Gestational diabetes is a condition brought about by high blood glucose levels that remain high during pregnancy. The health of the fetus and mother as well as the development of the fetus can be adversely affected by this form of diabetes. Although it seems as if the pregnancy causes the diabetic response in some women there have been studies done which show they may have been predisposed to diabetes as they develop type 2 diabetes later on in life. A gestational diabetes diet plan is critical to properly managing the affects of this disease.
Routine screening for gestational diabetes is recommended during the second trimester for all pregnant women to help limit the negative impacts it can have on mother and baby. If it is not controlled it can lead to pregnancy-induced hypertension, premature birth, large fetus size, congenital abnormalities, future obesity and diabetes in the infant, and other birth complications.
A gestational diabetes diet requires dietary modifications that the mother may not be used to but to control this form of diabetes it is essential. This is accomplished through individually developed dietary prescriptions based on metabolic nutrition and lifestyle requirements. Basic changes include reduced intake of simple sugars such as white table sugar and syrups.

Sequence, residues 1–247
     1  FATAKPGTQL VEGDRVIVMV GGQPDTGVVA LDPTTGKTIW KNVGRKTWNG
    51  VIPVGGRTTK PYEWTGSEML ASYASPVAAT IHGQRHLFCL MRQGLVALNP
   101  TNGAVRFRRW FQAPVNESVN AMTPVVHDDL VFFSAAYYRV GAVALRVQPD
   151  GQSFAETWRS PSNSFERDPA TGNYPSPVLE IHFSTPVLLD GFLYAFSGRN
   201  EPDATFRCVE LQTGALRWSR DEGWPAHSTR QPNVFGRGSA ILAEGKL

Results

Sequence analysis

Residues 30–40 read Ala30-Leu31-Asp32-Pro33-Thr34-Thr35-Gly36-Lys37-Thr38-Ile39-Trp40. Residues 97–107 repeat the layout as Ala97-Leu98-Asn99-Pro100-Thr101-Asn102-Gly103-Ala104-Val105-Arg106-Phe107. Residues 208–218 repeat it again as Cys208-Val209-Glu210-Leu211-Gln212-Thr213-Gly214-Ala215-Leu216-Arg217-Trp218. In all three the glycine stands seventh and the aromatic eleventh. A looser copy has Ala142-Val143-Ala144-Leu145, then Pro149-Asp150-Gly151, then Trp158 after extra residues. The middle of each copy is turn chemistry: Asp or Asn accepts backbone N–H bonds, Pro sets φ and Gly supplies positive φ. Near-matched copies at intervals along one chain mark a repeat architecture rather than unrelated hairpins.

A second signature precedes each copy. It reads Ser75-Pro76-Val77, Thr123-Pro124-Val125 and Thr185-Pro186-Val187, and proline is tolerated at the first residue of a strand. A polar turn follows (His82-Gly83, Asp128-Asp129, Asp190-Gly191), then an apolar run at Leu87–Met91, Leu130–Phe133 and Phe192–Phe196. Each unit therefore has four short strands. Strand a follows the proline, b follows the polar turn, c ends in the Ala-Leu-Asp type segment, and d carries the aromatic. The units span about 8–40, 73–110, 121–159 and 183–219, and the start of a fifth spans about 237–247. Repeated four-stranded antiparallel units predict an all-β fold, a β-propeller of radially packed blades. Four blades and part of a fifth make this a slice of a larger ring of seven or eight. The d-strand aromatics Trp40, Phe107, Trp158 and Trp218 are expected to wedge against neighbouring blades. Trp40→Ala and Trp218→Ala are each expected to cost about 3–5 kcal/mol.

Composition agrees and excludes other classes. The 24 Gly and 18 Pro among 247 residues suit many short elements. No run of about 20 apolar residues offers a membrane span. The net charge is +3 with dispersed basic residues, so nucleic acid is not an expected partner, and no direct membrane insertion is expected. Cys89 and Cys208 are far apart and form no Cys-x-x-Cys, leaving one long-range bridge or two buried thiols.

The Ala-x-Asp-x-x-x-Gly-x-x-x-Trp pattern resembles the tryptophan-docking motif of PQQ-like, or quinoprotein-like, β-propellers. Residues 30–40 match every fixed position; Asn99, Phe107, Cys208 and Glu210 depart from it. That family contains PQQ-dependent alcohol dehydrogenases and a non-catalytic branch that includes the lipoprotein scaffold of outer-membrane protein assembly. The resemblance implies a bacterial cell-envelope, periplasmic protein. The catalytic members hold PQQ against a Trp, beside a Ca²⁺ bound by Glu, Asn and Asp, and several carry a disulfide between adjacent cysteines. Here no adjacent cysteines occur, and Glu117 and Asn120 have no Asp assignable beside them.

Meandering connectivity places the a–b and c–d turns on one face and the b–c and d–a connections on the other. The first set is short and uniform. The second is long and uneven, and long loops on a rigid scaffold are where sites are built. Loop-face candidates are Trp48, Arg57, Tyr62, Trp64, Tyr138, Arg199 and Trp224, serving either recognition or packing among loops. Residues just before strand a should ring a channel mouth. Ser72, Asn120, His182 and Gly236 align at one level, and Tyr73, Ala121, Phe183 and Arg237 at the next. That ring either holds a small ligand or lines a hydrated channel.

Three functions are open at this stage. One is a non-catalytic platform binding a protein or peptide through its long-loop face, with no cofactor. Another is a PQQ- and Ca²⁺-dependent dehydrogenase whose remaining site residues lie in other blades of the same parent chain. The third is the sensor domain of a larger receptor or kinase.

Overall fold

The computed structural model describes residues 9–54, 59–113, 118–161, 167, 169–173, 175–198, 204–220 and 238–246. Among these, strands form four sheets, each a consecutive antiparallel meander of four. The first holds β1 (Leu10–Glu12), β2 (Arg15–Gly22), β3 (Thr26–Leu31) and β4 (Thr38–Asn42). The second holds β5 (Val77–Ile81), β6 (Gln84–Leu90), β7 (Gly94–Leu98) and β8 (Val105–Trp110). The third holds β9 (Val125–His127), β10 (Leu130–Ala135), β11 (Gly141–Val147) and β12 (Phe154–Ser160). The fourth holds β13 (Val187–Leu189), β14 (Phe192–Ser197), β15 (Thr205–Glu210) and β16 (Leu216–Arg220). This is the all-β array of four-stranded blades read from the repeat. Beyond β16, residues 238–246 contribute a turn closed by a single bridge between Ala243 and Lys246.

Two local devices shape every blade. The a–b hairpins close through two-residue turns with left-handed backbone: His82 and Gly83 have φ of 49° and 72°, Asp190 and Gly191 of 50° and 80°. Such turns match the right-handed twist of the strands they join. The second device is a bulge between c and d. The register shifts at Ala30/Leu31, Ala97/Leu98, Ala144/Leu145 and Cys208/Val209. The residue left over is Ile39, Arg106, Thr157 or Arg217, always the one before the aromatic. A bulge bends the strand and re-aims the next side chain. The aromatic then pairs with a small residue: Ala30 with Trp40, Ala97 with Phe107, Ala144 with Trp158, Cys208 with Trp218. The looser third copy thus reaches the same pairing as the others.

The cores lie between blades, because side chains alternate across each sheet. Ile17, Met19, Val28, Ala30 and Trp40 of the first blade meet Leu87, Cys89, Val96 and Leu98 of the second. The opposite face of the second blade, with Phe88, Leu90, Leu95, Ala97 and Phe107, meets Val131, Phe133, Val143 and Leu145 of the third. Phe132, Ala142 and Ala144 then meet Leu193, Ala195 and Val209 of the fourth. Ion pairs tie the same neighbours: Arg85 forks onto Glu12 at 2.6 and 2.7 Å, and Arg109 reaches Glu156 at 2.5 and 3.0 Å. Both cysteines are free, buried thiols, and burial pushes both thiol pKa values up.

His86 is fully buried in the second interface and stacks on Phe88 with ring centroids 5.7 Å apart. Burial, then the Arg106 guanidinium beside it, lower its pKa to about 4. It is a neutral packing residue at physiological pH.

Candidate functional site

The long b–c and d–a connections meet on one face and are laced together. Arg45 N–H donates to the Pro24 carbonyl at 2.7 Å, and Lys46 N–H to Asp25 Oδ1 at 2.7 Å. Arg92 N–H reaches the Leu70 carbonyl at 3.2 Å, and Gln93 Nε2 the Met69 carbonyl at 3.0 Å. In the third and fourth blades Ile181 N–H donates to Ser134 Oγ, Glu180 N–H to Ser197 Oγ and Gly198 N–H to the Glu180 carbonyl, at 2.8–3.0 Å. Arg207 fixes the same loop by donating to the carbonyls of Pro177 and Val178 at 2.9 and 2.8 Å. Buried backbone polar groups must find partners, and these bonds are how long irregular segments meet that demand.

The simple sugars are replaced with more complex carbohydrates with a balanced intake of nutrients, particularly with the carbohydrates, during the day. To make starting this type of gestational diabetes diet plan easier a registered dietician will use exchange lists to make their clients meal planning easier.
Exchange lists were first developed for diabetic meal planning but they have become a basic tool for almost all food guides and dietary recommendations.
Another system to control diabetes, carbohydrate counting, has recently begun to see more widespread use. This system allows the client to keep track of carbohydrate intake during the course of the day.
An overall gestational diabetes diet plan takes into account the physical, psychosocial, and educational requirements. For the woman with this form of diabetes reliance on her health care providers to help manage her condition is vitally important. Her registered dietician has the primary responsibility for developing and teaching her the individualized dietary plan that will work best for her. Nurses at her doctor’s office and in the hospital help reinforce these dietary needs and also are responsible for teaching her how to effectively monitor blood glucose levels and administer insulin if needed. By working together the pregnant woman and her health care team can successfully manage and overcome the risks posed by gestational diabetes.